It's a sort of Butterfly Effect. Instead of working on one project and seeing it through to completion I kind of flutter about the house starting projects and then starting other projects and then going back to -- Oh hey! Something shiny!
You get the point. So when I asked Pete if we could start stripping the banister the other day he just looked at me with the widest blue eyes and said, "How about we finish the living room first. Please?"
Technically we have two living rooms: one downstairs at the front door entrance and another on the second floor in what was once the parlor. We're making the parlor our main living / TV / entertaining room. From the moment we purchased the house I knew that I wanted this room to have some serious design cred. Like a teenager on summer break by the beach, I fell deeply and passionately in love with the idea of having peacock colored walls. And -- bless his little heart, open mind and patience -- Pete was completely on board with the idea.
Here were a few of the inspirations images we pulled:
(All inspiration images via Pinterest)
So after sweating at Home Depot for a few hours I pulled the trigger and bought Behr's Peacock Tail for the walls, Behr's Light French Grey for the ceiling, and Behr's Waterfall Mist for the trim. I went with a eggshell finish for the walls, a flat for the ceiling and a satin for the trim (the guy at Home Depot talked me into it).
Now we already did a little work in this room (hint: we found pocket doors hidden in the walls!) but otherwise we were just using it as a drop spot for things from our old apartment. We also ate on the floor in here on Valentine's Day. But, other than that, it was just a room we passed on the way from the upstairs to the ground floor.
So here's the real estate listing BEFORE of the room:
Now here's a few images from the painting party we had in the house:
After the room was finished being painted Pete and I took a break and ran to some of my favorite vintage haunts. At the first place we loved the furniture but not the prices. Womp. Feeling discouraged -- and with both of our phones dead -- I suggested that we visit our good friends over at LOVE Furniture in East Hanover. I knew it was close to their closing time, but we were feeling so bummed that it was worth a try.
I had seen a peacock chair there at one of my other visits and I couldn't get it off my mind, especially after pulling together Pete's "terrifying" inspiration board based on the Addams' Family. And it was still there! I snatched it up for a price that seemed like a dream.
Riding a buying high, I poked around a bit more. I couldn't stop coming back to this one couch. It wasn't necessarily my style ... but I was enamored. Pete watched me go back to it several times and finally asked me, "Do you want me to ask the price?" We'd looked at a couple couches already. They were all in the $1,000+ range and we'd agreed that with all the other renovating that still needed to be done ... well, maybe we needed to live without a couch for a bit. Still, Pete asked the price.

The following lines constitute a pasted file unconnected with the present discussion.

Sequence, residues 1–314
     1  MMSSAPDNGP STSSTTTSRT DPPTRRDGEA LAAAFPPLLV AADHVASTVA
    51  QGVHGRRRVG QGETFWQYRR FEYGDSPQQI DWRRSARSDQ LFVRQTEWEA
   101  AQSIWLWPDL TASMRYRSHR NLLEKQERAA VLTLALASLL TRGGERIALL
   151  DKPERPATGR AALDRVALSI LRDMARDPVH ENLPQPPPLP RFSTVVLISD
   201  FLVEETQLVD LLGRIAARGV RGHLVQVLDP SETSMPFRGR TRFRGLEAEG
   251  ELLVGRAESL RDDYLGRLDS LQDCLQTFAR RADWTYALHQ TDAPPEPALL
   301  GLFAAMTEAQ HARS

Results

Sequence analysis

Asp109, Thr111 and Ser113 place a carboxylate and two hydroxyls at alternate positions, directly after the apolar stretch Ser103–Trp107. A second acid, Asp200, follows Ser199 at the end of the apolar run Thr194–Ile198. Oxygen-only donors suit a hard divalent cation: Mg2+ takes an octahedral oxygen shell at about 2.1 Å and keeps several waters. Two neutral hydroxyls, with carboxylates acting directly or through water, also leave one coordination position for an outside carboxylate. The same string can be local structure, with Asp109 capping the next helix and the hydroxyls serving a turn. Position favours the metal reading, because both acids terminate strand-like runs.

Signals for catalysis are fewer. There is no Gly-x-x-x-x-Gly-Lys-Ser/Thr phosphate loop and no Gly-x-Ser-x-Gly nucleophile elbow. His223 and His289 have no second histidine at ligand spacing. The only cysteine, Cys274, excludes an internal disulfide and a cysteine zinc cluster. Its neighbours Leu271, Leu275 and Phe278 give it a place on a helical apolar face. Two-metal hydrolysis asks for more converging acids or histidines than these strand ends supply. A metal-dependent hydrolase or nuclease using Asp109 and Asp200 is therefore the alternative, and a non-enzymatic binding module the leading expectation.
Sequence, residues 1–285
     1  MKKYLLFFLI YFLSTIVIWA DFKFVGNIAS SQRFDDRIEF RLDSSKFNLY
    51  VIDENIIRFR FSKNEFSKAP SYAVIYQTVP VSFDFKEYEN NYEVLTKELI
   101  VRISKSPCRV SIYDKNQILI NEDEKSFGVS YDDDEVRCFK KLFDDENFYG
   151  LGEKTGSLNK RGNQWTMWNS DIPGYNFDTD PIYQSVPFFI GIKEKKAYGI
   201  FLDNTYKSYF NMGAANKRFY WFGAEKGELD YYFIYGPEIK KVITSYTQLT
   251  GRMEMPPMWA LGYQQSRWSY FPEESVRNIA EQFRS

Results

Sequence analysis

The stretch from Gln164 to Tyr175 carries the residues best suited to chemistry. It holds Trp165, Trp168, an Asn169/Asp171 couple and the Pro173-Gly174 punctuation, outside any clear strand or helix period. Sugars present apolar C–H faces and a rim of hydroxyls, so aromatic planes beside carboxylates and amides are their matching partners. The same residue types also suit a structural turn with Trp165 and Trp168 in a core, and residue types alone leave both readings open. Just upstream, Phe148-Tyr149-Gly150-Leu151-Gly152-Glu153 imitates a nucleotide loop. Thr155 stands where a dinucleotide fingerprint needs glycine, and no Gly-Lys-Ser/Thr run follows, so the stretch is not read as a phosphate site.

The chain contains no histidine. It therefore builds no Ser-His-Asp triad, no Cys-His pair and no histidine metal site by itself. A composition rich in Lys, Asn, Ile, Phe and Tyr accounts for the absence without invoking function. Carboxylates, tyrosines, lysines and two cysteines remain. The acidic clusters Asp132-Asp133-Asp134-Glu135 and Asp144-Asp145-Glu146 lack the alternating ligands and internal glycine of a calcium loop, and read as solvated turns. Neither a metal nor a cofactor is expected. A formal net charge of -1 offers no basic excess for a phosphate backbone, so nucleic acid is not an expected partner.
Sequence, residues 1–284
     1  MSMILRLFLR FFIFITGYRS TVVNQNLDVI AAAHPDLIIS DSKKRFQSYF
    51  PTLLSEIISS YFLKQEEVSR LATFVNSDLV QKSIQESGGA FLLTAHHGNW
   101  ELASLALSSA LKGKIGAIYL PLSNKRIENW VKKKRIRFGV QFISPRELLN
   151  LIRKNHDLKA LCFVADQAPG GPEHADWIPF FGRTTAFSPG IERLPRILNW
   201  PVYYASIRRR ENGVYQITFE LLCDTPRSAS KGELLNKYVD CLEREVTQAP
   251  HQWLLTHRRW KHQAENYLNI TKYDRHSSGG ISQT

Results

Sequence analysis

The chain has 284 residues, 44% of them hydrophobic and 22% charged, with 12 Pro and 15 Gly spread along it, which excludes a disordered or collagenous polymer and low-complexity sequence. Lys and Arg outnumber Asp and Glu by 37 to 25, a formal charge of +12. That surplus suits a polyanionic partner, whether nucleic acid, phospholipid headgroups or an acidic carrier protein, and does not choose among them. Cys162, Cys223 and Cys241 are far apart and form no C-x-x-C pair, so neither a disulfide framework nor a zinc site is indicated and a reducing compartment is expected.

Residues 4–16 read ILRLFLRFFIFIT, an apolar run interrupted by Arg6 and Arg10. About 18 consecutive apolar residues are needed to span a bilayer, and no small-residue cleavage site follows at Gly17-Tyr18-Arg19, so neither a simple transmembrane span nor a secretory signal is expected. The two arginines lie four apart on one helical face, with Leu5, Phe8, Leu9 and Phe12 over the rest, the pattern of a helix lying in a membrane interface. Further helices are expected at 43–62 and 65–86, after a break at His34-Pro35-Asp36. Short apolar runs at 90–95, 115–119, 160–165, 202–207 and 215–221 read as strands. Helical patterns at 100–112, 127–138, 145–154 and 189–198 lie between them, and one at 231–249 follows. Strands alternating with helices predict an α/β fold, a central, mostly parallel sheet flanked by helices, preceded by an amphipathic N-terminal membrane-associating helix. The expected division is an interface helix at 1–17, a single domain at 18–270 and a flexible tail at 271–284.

The owner (also named Peter) scratched his head and said, "How about $75?"
Before I could even open my mouth, Pete screamed, "We'll take it for $80!"
And that, my friends, is how we wound up with this couch:
Why just a sneak peek of the couch and not the Full Monty? Well, duh, I gotta save something for a proper Before + After post. These are just the big inspiration pieces that are going to shape the look and feel of the room.
Plus, I'm not going to give up the goods all at once. You know, I'm not that type of girl. You gotta wait for it. (Now, I just have to make sure the wait's worth it.)
When I initially posted about the guest room some of you weirdos automatically assumed this was the AFTER shot:
Why? Why in any world (that's not a 1990's sitcom or a sociopath's dungeon) would someone think this is the AFTER photo? We don't have kids. We don't particularly enjoy the combination of aqua and bubblegum. Why? That's so not cool, guys.
To recap the guest room renovation:
+ We broke through the plaster on what we hoped was a chimney (it was!) to expose brick
+ We invited over some friends for a painting party and used Behr's Porpoise to hide the teal walls
+ Painted the trim a brighter white
Still left to do:
+ Install drapes for privacy (and awesome-ness)
+ Carve out use for weird cubby to the left of the exposed brick
Here are some of the before and after shots:
"It looks like granny panties!" Michelle squealed as soggy latex paint oozed off our ground floor fireplace.
My friend G was helping out around the row house and started playing with a few stripping compounds when Michelle stopped by to say hello. We were transfixed by the array of chemicals he had splayed out like an alter to try and get through the painted fireplace.